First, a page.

De Trafford Blueprint Syrah 2012

By , 21 November 2014





There were 25 examples of Shiraz/Syrah nominated for 5 Stars in Platter’s 2015 and it fell to founder Tim James, sommelier-at-large Higgo Jacobs and me tasting blind to either endorse these or not.

Wine assessment is often humbling and particularly so in this instance. Out of the five wines we as a trio anointed as worthy of 5 Stars, two were wines about which I’d expressed significant reservations previously on this website, the Boekenhoutskloof Syrah 2012 described as “extremely polished” (code for “overdone”) and scoring 90/100 here and the Porseleinberg 2012 having “something ever so slightly peculiar on the back palate” and scoring 91/100 here.

I feel even more awkward having now drunk a bottle of the De Trafford Blueprint Syrah 2012 (approximate retail price: R500 a bottle), not only rated 5 Stars but red wine of the year in Platter’s.

Grapes are sourced mainly from the neighbouring Keermont farm. In the cellar, spontaneous fermentation, the cap punched down manually two to three times a day for around 16 days and maturation lasting 21 months in French oak, none new.

Whatever I thought about it at the taste-off for Platter’s, I found it absolutely gigantic last night. Black and blue fruit, pepper, earth and a slight malty quality. Über-intense on the palate with moderate acidity and oh-so-soft tannins. And there’s definitely some warmth on the finish if not outright alcoholic burn (abv 14.76%).

Winemaker David Trafford has always been unapologetic about his aesthetic vision (which might be paraphrased as “scale doesn’t matter as long as it’s in proportion”) and his reds have an uncanny ability to mature beautifully (is it the alcohol acting as preservative?). All that said, the Blueprint 2012 is heady stuff and having spent time with it over a meal, I think all that concentration is ultimately at the expense of balance.

Score: 91/100.


5 comment(s)

  • Christian Eedes22 November 2014

    For the record, I don’t think blind tasting is better than sighted or vice versa – they serve different purposes.The curious aspect of the Platter’s methodology is that it is premised on tasting sighted and then it’s ultimate accolade is determined blind – individual tasters spend hours, even days with a wine before nominating it for 5 Stars and then at the point when pedigree should be most important, it is abandoned. I fear the result is that wines which sit at a stylistic extreme (whether super-geeky or super-showy) get rewarded over wines which are equally good but less radical.

  • Tim James21 November 2014

    PS. I am totally convinced by the excellence of the Porseleinberg 2012. Amongst the best few shirazes the Cape has ever produced.

  • Tim James21 November 2014

    An interesting aspect about our five-star judging of the shirazes (and I don’t think I’m letting out trade secrets here) is that I know that all three of us initially rated the De Trafford wine just UNDER the five star barrier (94/100). It’s rare for a panel of three to give a unanimous high rating like this – and, with the support of the roving chairs, we agreed to rate it higher. (But bear in mind that we initially all thought it not quite worthy of five stars – though the circumstances meant that we knew we’d have a second chance at rating it, when we has a discussion.) Then, although it wasn’t the panel’s top-scoring shiraz (that was the Porseleinberg, by a point, also after discussion) the De Trafford was the one that the wider panel, judging the various nominations for wine of the year, selected. Perhaps because it was a bit safer than the edgy Porseleinberg. Unlike Christian, I haven’t had the chance to actually drink the De Trafford, but I genuinely respect him for recognising, and admitting, that drinking is an altogether different matter from judging wines in a biggish line-up (perhaps the “blindness” of the judging is less relevant). And I hope he will bear this in mind when he reflects and pronounces on future big competitive tastings in which he has a stake! Tasting wines is an exercise entirely different from drinking the stuff.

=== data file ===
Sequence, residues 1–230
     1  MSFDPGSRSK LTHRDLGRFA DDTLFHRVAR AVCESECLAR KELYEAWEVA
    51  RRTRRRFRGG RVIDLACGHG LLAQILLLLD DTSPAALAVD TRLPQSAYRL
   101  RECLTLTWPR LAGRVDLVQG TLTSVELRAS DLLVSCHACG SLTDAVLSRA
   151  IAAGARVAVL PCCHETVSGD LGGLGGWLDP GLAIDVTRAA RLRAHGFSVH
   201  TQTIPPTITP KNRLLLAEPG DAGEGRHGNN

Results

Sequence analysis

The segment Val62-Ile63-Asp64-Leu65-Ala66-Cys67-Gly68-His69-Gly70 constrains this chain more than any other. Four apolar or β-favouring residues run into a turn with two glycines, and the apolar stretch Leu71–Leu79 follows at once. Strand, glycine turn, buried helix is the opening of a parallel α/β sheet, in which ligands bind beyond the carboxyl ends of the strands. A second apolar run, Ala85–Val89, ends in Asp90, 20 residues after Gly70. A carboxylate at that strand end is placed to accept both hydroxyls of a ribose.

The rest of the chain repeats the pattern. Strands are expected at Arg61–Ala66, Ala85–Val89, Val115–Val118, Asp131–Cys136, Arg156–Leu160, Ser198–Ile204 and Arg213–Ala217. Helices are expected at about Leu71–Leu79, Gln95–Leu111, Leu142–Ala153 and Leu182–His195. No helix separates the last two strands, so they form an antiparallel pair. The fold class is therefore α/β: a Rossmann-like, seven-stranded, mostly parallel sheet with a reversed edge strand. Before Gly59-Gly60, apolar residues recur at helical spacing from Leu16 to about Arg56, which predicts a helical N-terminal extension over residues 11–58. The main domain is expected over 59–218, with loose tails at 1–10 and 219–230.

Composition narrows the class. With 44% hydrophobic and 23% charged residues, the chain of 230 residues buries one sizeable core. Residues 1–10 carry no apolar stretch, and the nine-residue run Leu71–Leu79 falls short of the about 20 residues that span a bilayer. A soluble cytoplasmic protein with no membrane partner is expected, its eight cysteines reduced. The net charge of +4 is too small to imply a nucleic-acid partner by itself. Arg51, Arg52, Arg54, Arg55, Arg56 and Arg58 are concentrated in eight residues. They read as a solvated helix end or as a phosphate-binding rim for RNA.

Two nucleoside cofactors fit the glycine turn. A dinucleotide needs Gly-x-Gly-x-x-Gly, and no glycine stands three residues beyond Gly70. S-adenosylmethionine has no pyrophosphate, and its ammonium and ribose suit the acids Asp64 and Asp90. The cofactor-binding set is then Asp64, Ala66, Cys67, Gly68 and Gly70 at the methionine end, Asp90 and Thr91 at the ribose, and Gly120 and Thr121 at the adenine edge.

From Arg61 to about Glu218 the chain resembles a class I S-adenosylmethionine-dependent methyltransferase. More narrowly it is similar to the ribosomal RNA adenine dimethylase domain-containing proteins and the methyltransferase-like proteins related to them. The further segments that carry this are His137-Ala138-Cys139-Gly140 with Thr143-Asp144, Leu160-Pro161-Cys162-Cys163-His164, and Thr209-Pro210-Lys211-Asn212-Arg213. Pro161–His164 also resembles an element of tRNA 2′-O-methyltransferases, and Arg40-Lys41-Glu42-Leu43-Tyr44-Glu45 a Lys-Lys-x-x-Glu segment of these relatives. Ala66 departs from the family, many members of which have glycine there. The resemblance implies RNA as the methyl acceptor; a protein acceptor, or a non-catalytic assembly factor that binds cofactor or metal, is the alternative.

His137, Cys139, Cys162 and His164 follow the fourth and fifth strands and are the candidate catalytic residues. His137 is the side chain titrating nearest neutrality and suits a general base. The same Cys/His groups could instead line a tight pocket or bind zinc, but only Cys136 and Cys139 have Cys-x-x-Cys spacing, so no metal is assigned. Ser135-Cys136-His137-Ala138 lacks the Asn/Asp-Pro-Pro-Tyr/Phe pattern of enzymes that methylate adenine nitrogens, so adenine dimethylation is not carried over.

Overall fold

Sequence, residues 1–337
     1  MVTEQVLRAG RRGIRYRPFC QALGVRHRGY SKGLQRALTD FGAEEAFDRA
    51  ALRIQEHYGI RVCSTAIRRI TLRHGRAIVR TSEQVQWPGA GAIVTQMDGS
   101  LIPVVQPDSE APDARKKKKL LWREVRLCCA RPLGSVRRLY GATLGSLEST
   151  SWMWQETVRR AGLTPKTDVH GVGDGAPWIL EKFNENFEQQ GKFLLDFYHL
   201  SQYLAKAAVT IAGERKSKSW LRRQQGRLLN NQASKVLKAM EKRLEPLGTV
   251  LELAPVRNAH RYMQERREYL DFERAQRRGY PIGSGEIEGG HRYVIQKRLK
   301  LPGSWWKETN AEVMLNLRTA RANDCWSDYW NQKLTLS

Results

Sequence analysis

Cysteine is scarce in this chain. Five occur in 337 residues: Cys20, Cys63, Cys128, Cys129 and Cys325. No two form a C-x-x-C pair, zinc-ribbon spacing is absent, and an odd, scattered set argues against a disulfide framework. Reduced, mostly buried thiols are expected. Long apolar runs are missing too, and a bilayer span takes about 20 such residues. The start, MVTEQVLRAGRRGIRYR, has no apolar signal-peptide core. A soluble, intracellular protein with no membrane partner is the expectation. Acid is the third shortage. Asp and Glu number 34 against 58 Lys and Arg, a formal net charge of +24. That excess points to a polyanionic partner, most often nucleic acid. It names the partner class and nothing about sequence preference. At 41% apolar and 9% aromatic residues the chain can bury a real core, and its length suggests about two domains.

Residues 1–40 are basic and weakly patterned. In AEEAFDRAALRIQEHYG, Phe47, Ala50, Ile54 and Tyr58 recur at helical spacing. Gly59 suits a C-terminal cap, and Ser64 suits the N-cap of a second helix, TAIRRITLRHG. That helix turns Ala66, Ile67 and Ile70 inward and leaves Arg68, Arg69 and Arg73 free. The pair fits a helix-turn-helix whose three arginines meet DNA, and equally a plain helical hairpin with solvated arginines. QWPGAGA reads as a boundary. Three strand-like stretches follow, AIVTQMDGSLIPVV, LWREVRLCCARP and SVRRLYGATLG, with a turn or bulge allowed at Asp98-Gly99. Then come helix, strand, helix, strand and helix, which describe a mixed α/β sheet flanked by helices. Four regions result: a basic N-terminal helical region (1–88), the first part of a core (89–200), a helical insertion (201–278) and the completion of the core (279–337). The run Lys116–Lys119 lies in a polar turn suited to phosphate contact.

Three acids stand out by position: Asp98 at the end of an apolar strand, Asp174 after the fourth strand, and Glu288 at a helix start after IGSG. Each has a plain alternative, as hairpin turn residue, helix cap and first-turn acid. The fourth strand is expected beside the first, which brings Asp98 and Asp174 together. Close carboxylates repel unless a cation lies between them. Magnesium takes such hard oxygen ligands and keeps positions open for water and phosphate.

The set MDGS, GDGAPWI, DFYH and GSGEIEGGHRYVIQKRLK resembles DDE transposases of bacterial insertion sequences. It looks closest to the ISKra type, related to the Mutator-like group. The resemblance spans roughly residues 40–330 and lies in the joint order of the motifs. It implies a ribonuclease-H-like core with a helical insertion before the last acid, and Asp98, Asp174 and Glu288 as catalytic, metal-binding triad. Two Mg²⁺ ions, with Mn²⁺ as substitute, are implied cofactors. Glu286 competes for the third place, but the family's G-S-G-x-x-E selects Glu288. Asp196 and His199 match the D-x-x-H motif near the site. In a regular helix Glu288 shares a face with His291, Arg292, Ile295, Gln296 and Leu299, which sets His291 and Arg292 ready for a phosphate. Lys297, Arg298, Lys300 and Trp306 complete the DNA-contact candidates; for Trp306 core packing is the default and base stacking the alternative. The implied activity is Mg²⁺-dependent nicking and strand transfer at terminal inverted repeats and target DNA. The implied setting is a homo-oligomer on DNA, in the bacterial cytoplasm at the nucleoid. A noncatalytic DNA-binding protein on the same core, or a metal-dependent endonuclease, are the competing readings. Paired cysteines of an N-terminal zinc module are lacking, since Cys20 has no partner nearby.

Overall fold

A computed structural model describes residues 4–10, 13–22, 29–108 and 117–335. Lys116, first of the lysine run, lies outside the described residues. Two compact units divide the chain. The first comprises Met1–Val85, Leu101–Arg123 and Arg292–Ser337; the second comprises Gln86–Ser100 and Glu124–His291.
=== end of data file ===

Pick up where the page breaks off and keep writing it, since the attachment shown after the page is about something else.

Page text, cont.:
• Kwispedoor21 November 2014

    I also don’t get too excited about the big De Trafford wines – I very much prefer David’s gorgeous Sijnn stuff. Having said that, some of the De Trafford wines age curiously well and I’ve had some very good older ones indeed.

    Feeling awkward and humble about the whole wine tasting thing means you’re gaining in experience and wisdom.

  • Hennie @ Batonage21 November 2014

    David’s wines aren’t for wussies, that’s for sure. In some parts of the world guys drive monster trucks, weld without a visor, shave with a blunt razor or do bullfighting to prove how manly they are. I just try and drink a bottle of De Trafford wine on my own. My manliness is still in question because I have to date not managed to get past 2 and half glasses before developing a speech impediment and falling into a big depression of what a wuss I am.

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